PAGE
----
Unique silver treasure found by schoolboy with metal detector

What was initially thought to be aluminium discs turned out to be a large silver hoard fully 1,000 years old

The Baltic island of Rugen, now in Germany, has proved to be a fertile hunting-ground for archaeologists and treasure hunters when it comes to finding relics of Denmark’s Viking past.

Back in January, Luca Malaschnitschenko, a 13-year-old schoolboy, amateur archaeologist and metal detectorist, was exploring a field together with a companion, when he found a piece of metal.

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At first Malaschnitschenko thought he’d just found some worthless pieces of aluminium, but it turned out to be three silver coins, reports DR Nyheder.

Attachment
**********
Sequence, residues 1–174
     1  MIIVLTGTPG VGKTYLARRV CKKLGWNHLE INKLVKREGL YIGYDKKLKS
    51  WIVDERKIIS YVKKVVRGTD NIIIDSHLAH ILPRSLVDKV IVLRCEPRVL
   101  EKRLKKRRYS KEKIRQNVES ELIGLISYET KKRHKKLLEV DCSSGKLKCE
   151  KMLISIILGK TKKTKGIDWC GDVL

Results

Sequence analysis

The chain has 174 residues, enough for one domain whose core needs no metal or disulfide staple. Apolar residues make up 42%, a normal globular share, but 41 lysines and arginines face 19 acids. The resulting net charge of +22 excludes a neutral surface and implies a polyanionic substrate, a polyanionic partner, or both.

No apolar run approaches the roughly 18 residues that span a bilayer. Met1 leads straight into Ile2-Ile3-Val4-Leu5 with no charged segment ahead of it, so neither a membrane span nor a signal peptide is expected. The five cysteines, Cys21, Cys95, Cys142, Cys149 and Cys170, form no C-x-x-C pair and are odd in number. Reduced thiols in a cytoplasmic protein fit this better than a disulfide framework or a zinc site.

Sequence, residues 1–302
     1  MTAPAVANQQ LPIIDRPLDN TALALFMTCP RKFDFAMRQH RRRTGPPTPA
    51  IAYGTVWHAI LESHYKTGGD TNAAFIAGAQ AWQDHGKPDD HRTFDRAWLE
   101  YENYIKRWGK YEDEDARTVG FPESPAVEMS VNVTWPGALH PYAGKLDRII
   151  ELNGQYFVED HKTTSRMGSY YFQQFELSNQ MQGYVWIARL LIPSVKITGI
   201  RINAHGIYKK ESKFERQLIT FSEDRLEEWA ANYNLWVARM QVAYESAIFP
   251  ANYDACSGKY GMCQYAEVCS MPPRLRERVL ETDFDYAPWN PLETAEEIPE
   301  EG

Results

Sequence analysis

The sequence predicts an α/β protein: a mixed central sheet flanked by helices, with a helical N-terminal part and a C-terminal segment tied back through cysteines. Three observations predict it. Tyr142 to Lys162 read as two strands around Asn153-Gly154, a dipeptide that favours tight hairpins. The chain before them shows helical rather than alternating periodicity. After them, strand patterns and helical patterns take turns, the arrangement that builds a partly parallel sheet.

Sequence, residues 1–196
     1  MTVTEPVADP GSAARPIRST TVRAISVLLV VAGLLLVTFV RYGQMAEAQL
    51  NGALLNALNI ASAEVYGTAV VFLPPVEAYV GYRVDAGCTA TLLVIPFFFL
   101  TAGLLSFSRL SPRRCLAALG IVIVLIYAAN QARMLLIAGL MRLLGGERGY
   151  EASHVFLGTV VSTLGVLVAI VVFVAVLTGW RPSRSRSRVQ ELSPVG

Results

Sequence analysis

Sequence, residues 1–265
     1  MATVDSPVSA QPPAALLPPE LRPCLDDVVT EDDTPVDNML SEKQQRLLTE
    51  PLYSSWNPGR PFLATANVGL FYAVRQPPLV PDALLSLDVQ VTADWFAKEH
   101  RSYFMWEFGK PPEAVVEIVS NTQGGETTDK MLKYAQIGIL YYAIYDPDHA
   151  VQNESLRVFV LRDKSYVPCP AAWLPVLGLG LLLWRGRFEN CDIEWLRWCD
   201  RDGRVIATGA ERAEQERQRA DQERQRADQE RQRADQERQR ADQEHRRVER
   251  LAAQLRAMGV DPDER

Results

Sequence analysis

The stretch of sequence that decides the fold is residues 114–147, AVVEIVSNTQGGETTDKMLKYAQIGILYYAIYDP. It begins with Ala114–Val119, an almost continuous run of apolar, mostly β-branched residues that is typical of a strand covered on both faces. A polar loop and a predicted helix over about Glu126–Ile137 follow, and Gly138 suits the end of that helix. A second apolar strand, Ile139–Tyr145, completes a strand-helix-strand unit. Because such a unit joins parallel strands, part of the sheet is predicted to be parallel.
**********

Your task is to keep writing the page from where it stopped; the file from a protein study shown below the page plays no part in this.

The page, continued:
Further excavations carried out over the 400 square metre site by a larger team over the following three months brought to light around 600 silver coins and a number of Thor’s hammers, brooches, beads, rings and torques.

Harald on the run
The coins were minted between 910 and 987 and date back to the reign of King Harald Bluetooth.

At that time Harald was at war with his son, Sweyn Forkbeard, so it is possible that the hoard was buried by the king in his flight, but that cannot be proved. Harald was later killed after losing a battle at Helgenæs.

This is not the first discovery made in the area. In the early 1870s what is now known as the Hiddensee treasure was discovered. It consistedof a brooch, neckring and 14 pendents, all in gold, and was found by a local fisherman on the island of Hiddensee, a few kilometres from Rugen. It is also dated to the reign of Harald Bluetooth.